Local health staff, departmental and local authorities and family members participated in the graduation where the Mother Leaders were honored for their commitment to volunteerism and their valuable support in promoting behavior change at the household level. Medical staff at all levels recognized the contribution of the Mother Leaders by speaking at their graduation. The importance of reaching out to families in order to educate them and connect them to the health system was reinforced in the variety of speeches. Community members at all levels, from the community health agent to the local health center to the regional hospital were all encouraged to work together to help the messages from the Mother Leaders be heard. 

Mother Leaders have been getting positive feedback from families in their communities. Visit after visit, the dialogues continue to improve and their messages grow stronger. While sharing their knowledge and experiences, participants continue to build trust and solidarity. During the graduation, Mother Leaders showcased what they had learned through their talents. They used theater, songs and dances to express their appreciation of the program and to show what they had learned over the last 15 months. 

As a result, community members are becoming more supportive to the pregnant and lactating women. Kids and the adolescents are also becoming more interested in improving their knowledge in nutrition. Mother Leaders have the strength to meet these interests. They are available to participate in training sessions, visit families on a regular basis, review their approach and are responsible for updating promoters twice a month on their activities. Mother Leaders are very supportive of the families in their communities. They work very hard every day to teach households and communities how to prevent malnutrition. And their efforts are paying off!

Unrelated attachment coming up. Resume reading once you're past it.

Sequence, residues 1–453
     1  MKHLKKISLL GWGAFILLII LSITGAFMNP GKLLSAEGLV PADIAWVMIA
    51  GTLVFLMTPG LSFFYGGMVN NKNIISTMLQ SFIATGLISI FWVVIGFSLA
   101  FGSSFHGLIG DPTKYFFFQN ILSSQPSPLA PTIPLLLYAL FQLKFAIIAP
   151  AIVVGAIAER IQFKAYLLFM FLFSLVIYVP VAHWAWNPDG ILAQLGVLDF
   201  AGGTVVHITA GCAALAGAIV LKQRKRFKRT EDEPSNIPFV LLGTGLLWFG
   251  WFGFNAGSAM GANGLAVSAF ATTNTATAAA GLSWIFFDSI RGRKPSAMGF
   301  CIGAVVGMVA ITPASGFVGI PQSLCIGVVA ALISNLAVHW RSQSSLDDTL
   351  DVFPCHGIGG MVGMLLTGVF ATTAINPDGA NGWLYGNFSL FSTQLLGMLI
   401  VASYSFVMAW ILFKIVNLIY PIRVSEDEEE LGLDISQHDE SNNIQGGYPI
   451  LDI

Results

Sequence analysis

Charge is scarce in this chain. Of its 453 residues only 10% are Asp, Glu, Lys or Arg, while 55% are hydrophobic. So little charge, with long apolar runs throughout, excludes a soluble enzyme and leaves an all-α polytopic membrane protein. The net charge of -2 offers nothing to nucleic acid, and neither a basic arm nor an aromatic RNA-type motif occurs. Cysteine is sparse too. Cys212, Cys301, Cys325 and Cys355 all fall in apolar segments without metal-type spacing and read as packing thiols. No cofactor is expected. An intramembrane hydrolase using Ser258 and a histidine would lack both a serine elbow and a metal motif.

To learn more about the Haiti Nutrition Security Program, please visit:

Tuesday, April 21, 2015

The Critical Link between Agriculture and Nutrition: Recap of the Global Food Security Symposium

The Honorable Tom Vilsack, US Secretary of Agriculture, 
discusses "Investing in Smart, Collaborative Science 
to Address 21st Century Challenges"